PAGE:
Roaring Back Or Overheating?
If you missed last Thursday’s debate on US fiscal stimulus, here’s the recording. Ellen Zentner (Morgan Stanley), Gregory Daco (Oxford Economics) and I touched on a number of topics, with a healthy degree of disagreement and the excellent orchestration of OMFIF’s Mark Sobel. I promise you’ll enjoy it; and while I can’t do justice to Ellen’s and Greg’s arguments, I do want to highlight some of the key points and questions that emerged:
How do you judge whether this fiscal stimulus is too large? Both Ellen and Greg argued that if you sum together the various fiscal packages launched last year and this year, you should not compare them to a snapshot of the current output gap, but to the cumulative loss in output over the crisis. If you do that, the overall fiscal stimulus is still significantly larger than the output loss, but not by orders of magnitude.
Both Ellen and Greg project a benign rise in inflation, to around 2½%, which Ellen predicts will prove long-lasting. That would be great. I am a bit more worried; as economists we tend to project moderate and smooth changes, but economic and financial variables often move a lot more and much more abruptly.
What will limit the increase in inflation? Greg notes that inflation expectations are well anchored, and that wage pressures are unlikely to rise much, given that they remained muted even when unemployment was at 3½%; Ellen is confident that government and Fed will tighten policy when needed.
I disagree on both counts. The Fed has committed to let inflation run above target for a while – we don’t know what will happen to inflation expectations when inflation rises and policy remains loose;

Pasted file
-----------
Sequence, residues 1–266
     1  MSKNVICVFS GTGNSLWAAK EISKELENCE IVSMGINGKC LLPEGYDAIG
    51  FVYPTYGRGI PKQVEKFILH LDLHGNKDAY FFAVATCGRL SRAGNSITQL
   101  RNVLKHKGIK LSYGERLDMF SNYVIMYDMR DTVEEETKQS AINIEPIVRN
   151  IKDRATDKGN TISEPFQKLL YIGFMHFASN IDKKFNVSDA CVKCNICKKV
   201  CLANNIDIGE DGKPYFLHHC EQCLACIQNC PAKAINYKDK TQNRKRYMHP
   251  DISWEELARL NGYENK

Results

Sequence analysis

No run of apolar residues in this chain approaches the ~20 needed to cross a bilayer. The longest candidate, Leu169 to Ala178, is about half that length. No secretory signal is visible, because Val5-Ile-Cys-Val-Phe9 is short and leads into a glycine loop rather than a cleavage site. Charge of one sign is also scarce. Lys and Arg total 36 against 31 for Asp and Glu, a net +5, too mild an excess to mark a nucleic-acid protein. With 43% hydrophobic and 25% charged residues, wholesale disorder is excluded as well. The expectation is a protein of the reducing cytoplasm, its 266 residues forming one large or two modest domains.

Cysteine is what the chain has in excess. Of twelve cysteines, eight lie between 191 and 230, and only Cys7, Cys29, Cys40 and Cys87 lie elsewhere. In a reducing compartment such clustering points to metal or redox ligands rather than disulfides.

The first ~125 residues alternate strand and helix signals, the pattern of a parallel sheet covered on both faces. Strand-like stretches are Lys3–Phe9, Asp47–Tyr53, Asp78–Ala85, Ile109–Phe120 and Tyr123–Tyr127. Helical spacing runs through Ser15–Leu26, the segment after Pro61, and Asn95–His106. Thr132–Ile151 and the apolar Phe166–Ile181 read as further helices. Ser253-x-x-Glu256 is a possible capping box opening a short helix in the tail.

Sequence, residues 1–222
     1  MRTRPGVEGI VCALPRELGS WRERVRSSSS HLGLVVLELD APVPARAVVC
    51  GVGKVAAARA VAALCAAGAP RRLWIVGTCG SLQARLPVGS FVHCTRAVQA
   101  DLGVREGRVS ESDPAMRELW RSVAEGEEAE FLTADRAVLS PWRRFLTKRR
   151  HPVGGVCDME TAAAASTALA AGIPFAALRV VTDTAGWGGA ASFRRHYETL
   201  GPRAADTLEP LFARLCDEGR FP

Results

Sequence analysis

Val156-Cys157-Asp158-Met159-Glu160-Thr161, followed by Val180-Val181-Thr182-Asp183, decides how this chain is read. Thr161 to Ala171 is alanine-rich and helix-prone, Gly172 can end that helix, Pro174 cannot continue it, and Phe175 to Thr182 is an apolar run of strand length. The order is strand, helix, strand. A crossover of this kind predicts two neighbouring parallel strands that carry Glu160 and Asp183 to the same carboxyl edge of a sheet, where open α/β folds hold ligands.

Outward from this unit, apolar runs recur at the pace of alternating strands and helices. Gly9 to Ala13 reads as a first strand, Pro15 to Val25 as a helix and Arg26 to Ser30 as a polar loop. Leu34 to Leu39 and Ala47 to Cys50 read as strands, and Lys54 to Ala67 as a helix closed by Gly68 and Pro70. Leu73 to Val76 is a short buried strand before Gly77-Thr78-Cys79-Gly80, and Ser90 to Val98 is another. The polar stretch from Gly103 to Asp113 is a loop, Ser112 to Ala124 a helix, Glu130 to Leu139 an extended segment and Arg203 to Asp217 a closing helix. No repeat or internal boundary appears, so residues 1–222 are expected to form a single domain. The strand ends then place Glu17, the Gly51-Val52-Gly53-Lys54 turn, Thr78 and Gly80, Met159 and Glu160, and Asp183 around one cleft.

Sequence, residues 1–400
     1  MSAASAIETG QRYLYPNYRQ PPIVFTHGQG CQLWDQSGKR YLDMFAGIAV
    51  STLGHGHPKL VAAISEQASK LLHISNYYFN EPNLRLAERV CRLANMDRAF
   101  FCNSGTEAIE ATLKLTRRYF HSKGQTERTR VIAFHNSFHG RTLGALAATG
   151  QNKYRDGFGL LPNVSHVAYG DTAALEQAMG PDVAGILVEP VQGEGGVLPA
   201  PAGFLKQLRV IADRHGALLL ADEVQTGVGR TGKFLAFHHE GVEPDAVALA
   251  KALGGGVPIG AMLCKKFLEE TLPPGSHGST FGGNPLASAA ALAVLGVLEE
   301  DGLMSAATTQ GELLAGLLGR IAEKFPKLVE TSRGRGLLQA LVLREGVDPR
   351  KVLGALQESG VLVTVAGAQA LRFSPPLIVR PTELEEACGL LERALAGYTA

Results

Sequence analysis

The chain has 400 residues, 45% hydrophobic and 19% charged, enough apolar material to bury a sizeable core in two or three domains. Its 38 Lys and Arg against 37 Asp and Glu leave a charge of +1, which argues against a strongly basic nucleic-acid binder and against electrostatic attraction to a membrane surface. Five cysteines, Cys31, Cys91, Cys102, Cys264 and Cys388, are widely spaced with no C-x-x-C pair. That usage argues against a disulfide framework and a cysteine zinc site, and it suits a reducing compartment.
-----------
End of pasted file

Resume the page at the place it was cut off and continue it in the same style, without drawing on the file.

As for fiscal policy: a participant in the Q&A noted that after the large 2021 fiscal stimulus, just reverting to ‘normal’ fiscal policy next year would imply a massive fiscal tightening – and to me that seems unlikely as we head to midterm elections in November 2022. I think loose fiscal policy will be with us for a while.
Innovation could boost productivity and offset inflationary pressures. I think there is a lot of productivity-boosting innovation in the pipeline, and the pandemic has accelerated innovation efforts across the economy; but it will take more time – I don’t see it materializing in time to match this fiscal stimulus.
Both Greg and I think the promised infrastructure package could help boost productivity; Greg is a lot more confident that it actually will, I am more skeptical that the money will be spent well.
I am also concerned that this massive stimulus might actually undermine productivity: The BIS has found that credit bubbles cause a misallocation of resources that lowers productivity growth, and well…here we go again.
My overriding concern is that policymakers seem to have embraced the idea that there is no binding limit to fiscal stimulus – and if governments feel they can spend as much money as they want, they are unlikely to spend well.
Finally, we all think the tug-of-war between the Fed and the markets will get more intense in the coming months as the recovery takes off.